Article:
delivery.

I don’t care if you call it “politically correct” (I wouldn’t), but you will have to find a way to deliver what you say in a way others don’t perceive as attacking them, insulting them, and being hostile. Those are the baseline requirements to participate in this community and work on this project. As I said before, you are always free to work on other compiler projects or start your own if you find this community not to your liking. Open source is a big place. =]

The thing I will agree with you about is that people on this list are well intentioned.
But I still don’t believe my description of “poison” has ever been discussed before,
you were will intentioned in saying it has, but there is no reason to believe it has,
because every time I dig deeper into these issues I run into mis-conceptions and
mis-information. Faulty analysis based on faulty assumptions. Every time. If I sound
hyperbolic it is because I have gotten frustrated from continually running into this.

I understand you are frustrated, but I have said on several occasions that repeating yourself is not helpful.

Now, getting back to technical, I’m waiting for some C source code examples

showing how "Current transformations made by LLVM require [posion]”

I’m sorry, but given the tone and approach you have taken, I don’t have time, energy, or motivation to continue to invest here. I’m going back to other things. Having read all of these threads, I am thoroughly convinced by the positions put forward by others.

My advice to you in my first email stands. If you want to make progress, more emails will not help. I encourage you to start writing code and demonstrating through specific proposed modifications (likely prototyped on a local branch or GitHub fork) and demonstrate clear evidence of the improved reliability without degraded performance of benchmarks.

I think that is your path forward, and I don’t plan on continuing to engage in what comes off to me as a hostile and repetitive email thread (this one, and the others you have started).

Sean,
Many thanks for taking the time to respond. I didn’t make
myself clear, I will try to be brief…

Chandler,
where we disagree is in whether the current project is moving the issue
forward. It is not. It is making the compiler more complex for no additional value.

The current project is not based in evidence, I have asked for any SPEC benchmark
that shows performance gain by the compiler taking advantage of “undefined behavior”
and no one can show that.

One easy way to measure this is to enable -fwrapv/-ftrapv on the compiler command line, which impede the compiler’s usual exploitation of signed wrap UB in C. Last I heard, those options lead to substantial performance regressions.

In my other emails I point out that Dan achieved the goal of hoisting sign-extension
out of loops for LP64 targets by exploiting “+nsw”, and that this appears to be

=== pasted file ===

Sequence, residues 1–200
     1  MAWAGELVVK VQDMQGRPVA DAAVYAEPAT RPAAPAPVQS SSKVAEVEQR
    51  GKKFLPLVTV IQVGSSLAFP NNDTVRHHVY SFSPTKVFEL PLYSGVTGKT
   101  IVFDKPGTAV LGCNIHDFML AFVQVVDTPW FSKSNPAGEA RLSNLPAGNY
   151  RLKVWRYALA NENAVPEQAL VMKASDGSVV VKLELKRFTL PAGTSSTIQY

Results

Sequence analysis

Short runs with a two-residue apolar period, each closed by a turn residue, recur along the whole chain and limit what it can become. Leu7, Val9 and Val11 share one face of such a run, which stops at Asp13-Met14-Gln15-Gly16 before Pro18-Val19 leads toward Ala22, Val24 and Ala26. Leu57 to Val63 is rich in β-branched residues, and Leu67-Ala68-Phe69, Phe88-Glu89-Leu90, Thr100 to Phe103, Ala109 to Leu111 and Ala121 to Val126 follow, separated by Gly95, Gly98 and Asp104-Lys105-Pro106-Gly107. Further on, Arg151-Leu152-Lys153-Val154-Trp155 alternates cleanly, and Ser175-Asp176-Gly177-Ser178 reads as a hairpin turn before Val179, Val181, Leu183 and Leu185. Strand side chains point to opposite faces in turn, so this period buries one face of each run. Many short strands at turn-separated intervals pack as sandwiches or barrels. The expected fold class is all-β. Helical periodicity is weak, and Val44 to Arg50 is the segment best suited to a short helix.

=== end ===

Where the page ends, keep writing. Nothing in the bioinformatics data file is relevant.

the only example of a performance benefit. I am not suggesting we remove this
optimization, and my emails point out that keeping this opt does not require that the
compiler model “undefined behavior”.

Heres what gcc says about those options

`-ftrapv`
This option generates traps for signed overflow on addition, subtraction, multiplication operations.
`-fwrapv`
This option instructs the compiler to assume that signed arithmetic overflow of addition, subtraction and multiplication wraps around using twos-complement representation. This flag enables some optimizations and disables others. This option is enabled by default for the Java front end, as required by the Java language specification.

Sounds like -fwrapv has equivocal results, at least for gcc,
my guess is that the same applies to llvm,

If anyone can show that -fwrapv makes a significant drop in SPEC-INT performance on
a plain old 32-bit machine then we need to look into it because it is kind of hard to believe
and doesn’t sound consistent with gcc.

I would do the tests myself, but all I have is my Mac-mini which is an LP64 machine,
(and no license for SPEC sources)

On an LP64 machine we would need a flag to disable all but Dan’s optimization to
to do a comparison. It would take some time, but it is doable.

Well, I guess that wasn’t brief, sorry!

Peter Lawrence.

<snip />

I'm sorry, but given the tone and approach you have taken, I don't have
time, energy, or motivation to continue to invest here. I'm going back to
other things. Having read all of these threads, I am thoroughly convinced
by the positions put forward by others.

My advice to you in my first email stands. If you want to make progress,
more emails will not help. I encourage you to start writing code and
demonstrating through specific proposed modifications (likely prototyped on
a local branch or GitHub fork) and demonstrate clear evidence of the
improved reliability without degraded performance of benchmarks.

I think that is your path forward, and I don't plan on continuing to
engage in what comes off to me as a hostile and repetitive email thread
(this one, and the others you have started).

Hey!

Can we all just reset our hurt feelings and get back to the issue for a
minute.
/* Chandler being a dick is my job and you can't have it, ok? Snarky
intelligence comments masked in a thin veil of rudeness is no better than
the things I typically do. */

Having read all of these threads, I am thoroughly convinced by the positions put forward by others.

Chandler,
               others have decided to let the compiler continue mis-compiling the
function-inlining example, others have decided to not fix the inability to hoist
a loop invariant divide out of a loop. It sounds like you haven’t even thought
about these things let alone be convinced by anything. Am I missing something
or have you forgotten what we are talking about here ?

Peter Lawrence.

Peter - Is there bug reports on each of the issues you’re referencing. It may be best to ensure that there is and continue the technical discussion on each on their own merit (case by case). This could be a deep rabbit hole, but slowly tackling things point by point is probably the only way to end up with a positive conclusion.